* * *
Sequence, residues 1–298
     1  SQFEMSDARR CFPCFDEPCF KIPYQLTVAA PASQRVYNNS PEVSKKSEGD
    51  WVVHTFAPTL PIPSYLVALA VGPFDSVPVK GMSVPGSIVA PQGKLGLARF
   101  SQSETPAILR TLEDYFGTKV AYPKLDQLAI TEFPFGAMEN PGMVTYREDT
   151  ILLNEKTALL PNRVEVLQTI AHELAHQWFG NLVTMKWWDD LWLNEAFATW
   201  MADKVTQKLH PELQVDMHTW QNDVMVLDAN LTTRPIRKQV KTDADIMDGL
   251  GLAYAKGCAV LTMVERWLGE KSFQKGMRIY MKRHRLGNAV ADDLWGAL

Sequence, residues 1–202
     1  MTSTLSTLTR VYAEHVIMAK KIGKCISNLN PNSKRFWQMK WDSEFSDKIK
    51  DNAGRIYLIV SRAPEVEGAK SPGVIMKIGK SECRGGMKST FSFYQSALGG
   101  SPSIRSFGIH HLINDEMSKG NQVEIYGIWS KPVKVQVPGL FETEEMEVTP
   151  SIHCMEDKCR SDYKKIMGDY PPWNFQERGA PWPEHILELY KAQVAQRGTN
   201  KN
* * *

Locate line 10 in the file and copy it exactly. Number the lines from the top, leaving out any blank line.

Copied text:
    51  DNAGRIYLIV SRAPEVEGAK SPGVIMKIGK SECRGGMKST FSFYQSALGG